Four Client Retention Tips for Group Class Coaching

In many ways, client retention is a lot easier in a one-on-one setting than in a group environment. It’s easier to develop trusting relationships with your clients, to provide your undivided attention, and to offer a personalized training program designed specifically for their goals. 

But one-on-one training comes at a cost: A financial cost that most people can’t afford, all the while it creates an environment that lacks community, friends and support, hence why group fitness has become so popular. 

For the group class gym owner, however, that also means one of the biggest challenges for group class functional fitness facilities is client retention. 

Two-Brain Business owner Chris Cooper suggests the average length of engagement of a client at a functional fitness group class gym is around 7.8 months, meaning most people don’t even last one year in a group class facility.

  • Similarly, this Morning Chalk Up article from October 2021 reported on Zen Planner, Wodify and PushPress data (all CRM software companies). They pegged annual client retention to be 69 percent, 54 percent, and 58 percent respectively, well below what Cooper and other experts in the industry say should be considered good client retention.

Regardless of whether you have a client retention problem or not, you probably wouldn’t complain if your client’s average length of engagement improved, right? That’s one of the hot topics covered in the Two-Brain Group Coaching Course.

Four Tips to Improve Group Class Client Retention 

1. Focus on the First 100 Days

The first 100 days at your gym probably plays the biggest role in determining whether a client will stick around for one, two, five-years plus, or whether they’ll fall off shortly after their fundamentals are complete.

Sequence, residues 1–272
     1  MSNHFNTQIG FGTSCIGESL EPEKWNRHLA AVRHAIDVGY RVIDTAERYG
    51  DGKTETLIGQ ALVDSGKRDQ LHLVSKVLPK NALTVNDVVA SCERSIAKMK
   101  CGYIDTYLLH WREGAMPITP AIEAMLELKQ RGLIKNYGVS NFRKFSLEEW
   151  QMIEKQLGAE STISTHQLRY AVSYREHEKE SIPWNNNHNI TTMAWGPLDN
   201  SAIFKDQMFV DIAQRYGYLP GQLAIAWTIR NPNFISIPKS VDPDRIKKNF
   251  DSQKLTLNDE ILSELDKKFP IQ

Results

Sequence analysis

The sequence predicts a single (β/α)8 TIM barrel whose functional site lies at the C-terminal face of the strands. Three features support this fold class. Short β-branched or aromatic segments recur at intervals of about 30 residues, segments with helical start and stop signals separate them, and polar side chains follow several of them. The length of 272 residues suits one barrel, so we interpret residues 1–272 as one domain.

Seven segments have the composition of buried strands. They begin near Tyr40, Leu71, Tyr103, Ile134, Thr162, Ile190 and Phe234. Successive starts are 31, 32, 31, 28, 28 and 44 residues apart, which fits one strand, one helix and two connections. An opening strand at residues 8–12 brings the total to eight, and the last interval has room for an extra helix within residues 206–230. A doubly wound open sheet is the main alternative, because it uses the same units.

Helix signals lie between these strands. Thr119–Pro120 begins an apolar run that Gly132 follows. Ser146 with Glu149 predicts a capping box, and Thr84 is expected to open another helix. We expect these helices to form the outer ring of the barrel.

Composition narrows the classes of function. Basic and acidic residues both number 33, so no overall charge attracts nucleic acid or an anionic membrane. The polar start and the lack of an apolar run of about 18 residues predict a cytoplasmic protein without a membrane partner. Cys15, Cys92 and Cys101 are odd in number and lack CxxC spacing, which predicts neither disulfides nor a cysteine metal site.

The solution: Hold their hands in the first 100 days. Maybe not literally, but figuratively you need to be doing everything you can to make them feel comfortable. Don’t take anything for granted in regard to how the client perceives their experience when they’re new to the gym.

For many, the gym is still unfamiliar territory, so even things as seemingly mundane as knowing where to put their keys when they workout, or troubleshooting how to sign in to a class, or knowing what washroom to use, can be intimidating, and can often lead to discomfort or a sense that they don’t belong. 

Take the time to go through absolutely everything with new clients, ask for feedback, and hold their hands until they’re comfortable walking alone. 

2. Tie Everything Back to the WHY

In life, there are some things we have to do and other things we want to do. And while we might continue doing things we have to do for a while, it’s a lot easier to do the things we want to do. In other words, human nature will always default to the want to over the have to.

The same is true for each type of workout: If you as a coach can convince your clients that they WANT to do the workout, rather than have to, they’re going to enjoy it a lot more and be more likely to come back because the gym is a fun place where they want to be.